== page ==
Today is National School Nurse’s Day – an opportunity for students throughout the District to thank the more than 250 registered nurses who provide them with physical care and emotional support while they’re at school. This year, CPS’ school nurses have gone above and beyond their daily responsibilities, implementing a new program that has and will save student lives.
Serious food allergies are on the rise among children, especially when it comes to peanuts, eggs and shellfish. Even very minor exposure to these foods can cause symptoms of anaphylactic shock, including facial swelling, tightening of the throat, and difficulty breathing. An injection of the drug epinephrine can halt these symptoms within minutes, which is why school nurses throughout the state have fought for the presence of epinephrine injectors (or epi-pens) in all Illinois schools.
“It can save a life,” said Cheryl Kramer, a school nurse at Lane Technical High School. “It’s as simple as that. Without an epi-pen, all we can do in a situation like that is call 911, and often help comes too late.”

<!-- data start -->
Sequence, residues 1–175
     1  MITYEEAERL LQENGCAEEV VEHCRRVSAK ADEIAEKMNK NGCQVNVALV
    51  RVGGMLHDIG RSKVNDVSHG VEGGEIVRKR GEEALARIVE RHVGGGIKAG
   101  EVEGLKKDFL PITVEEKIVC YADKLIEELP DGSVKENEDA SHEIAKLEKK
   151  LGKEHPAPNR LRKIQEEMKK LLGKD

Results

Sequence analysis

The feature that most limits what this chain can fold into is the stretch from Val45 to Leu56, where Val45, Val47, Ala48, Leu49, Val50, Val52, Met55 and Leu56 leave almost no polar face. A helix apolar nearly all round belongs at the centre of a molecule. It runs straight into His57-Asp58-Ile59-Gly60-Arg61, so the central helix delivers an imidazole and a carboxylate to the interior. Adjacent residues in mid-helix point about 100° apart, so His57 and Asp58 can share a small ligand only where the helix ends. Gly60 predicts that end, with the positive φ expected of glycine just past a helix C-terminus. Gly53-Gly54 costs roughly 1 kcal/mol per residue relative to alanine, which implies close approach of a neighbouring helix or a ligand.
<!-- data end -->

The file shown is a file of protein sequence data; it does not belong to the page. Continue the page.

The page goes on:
Students with known food allergies tend to have prescribed epi-pens with them during school. But according to the Journal of Pediatrics, one in four cases of life-threatening childhood anaphylaxis occurs in children who were not previously diagnosed with a food or other severe allergy. Therefore, at the urging of medical professionals throughout the state, including CPS Chief Health Officer Dr. Stephanie Whyte, the Illinois General Assembly last year passed the Emergency Epinephrine Act – a law that allows all schools to maintain a supply of stock epinephrine.
“At the start of the year, every CPS school was given 2-4 epi-pens,” said Lilliana DeSantiago-Cardenas, a Student Health Specialist with CPS’ Office of Student Health and Wellness. “School nurses monitor the supply and have the authority to use the epi-pens at their discretion.”
CPS is among the first large school districts to implement such a program, and has since become a model for other states.
“We’re considered trailblazers in this area,” said Lilliana DeSantiago-Cardenas. “Other states are watching to see how we’re managing the program, and we’re helping them work out how to do something similar for their schools.”
Since the start of the 2012-2013 school year, school nurses have used the epi-pens to treat students’ allergic reactions on 34 separate occasions.
“There’s no doubt that this is saving lives,” said Cheryl Kramer, who has been a school nurse in CPS for 15 years. “Because when a child is having this kind of reaction, there’s no time to wait.”